Meryl Baer of Six Decades and Counting says: There is nothing like a day in the city to energize mind and body. She enjoyed a day in the Big Apple recently with friends, eating and theater-going: Showtime in the Big Apple. However, she also reminds us there is no place like your chosen home.
On The Survive and Thrive Boomer Guide, Rita R. Robison, consumer journalist, writes about the first inventory of the accumulation of cancer-causing chemicals in the human body. Up to 420 chemicals known or likely to cause cancer have been detected in blood, urine, hair, and other human samples, the Environmental Working Group, a nonprofit research organization, found when it reviewed more than 1,000 biomonitoring studies and other research by government agencies and scientists in the United States and around the world. Biomonitoring studies measure the burden of chemicals present in the human body.
I saw a great profile of one of my favorite human beings last Sunday on CBS Sunday Morning. Richard Gerehas been a bit of a guru for me ever since he found me at exactly the right moment, in the midst of a tremendously depressing afternoon in the summer of 2004. From the television, he looked me straight in the eyes and said, “Hang on, it all changes.” That was enough for me, and he was so right!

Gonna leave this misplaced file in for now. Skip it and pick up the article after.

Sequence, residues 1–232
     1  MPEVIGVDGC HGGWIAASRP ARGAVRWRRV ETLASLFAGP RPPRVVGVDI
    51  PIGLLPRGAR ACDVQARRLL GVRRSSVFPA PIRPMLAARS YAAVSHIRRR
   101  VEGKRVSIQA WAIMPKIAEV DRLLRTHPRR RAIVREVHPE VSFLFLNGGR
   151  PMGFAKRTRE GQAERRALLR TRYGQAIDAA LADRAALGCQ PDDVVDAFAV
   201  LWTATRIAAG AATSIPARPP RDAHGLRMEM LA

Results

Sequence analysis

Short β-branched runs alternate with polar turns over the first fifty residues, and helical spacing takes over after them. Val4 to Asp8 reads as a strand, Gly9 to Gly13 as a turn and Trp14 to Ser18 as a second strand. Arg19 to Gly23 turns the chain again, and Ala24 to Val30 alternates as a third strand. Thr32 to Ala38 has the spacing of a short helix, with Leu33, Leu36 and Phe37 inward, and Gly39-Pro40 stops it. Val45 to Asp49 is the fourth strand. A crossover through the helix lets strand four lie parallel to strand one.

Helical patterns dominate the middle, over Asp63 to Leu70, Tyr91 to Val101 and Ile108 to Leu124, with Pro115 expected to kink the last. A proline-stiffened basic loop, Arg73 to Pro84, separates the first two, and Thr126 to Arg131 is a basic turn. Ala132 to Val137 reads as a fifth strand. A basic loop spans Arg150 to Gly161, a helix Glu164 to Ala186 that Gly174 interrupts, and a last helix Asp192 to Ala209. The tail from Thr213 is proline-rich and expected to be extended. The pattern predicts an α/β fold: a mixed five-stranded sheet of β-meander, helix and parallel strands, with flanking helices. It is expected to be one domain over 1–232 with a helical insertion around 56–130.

Richard now works as an advocate for the disadvantaged of the world. He recently played a homeless man in his film “Time out of Mind”, twelve years in the making. He also works to bring attention to the terrible plight of immigrants worldwide: People without a country.
I find Richard has a knack for asking the important questions, questions like, “Where am I safe in this world?” and “How did I end up here?” And then he said, “We’re all about our stories…”